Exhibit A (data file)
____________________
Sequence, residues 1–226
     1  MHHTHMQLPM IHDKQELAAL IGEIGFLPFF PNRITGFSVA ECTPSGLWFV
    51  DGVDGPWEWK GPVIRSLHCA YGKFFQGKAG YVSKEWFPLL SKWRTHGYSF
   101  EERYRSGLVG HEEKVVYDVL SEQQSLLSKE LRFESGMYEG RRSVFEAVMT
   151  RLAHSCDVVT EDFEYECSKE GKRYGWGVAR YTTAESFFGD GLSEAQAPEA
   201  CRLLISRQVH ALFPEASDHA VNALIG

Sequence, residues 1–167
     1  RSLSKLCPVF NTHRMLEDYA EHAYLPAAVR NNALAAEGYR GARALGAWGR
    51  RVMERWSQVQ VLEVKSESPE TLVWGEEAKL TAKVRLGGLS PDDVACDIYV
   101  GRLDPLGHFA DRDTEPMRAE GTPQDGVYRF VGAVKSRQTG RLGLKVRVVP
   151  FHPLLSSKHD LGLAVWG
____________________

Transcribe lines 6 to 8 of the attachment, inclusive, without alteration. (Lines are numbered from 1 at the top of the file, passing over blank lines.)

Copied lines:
   201  CRLLISRQVH ALFPEASDHA VNALIG

Sequence, residues 1–167
     1  RSLSKLCPVF NTHRMLEDYA EHAYLPAAVR NNALAAEGYR GARALGAWGR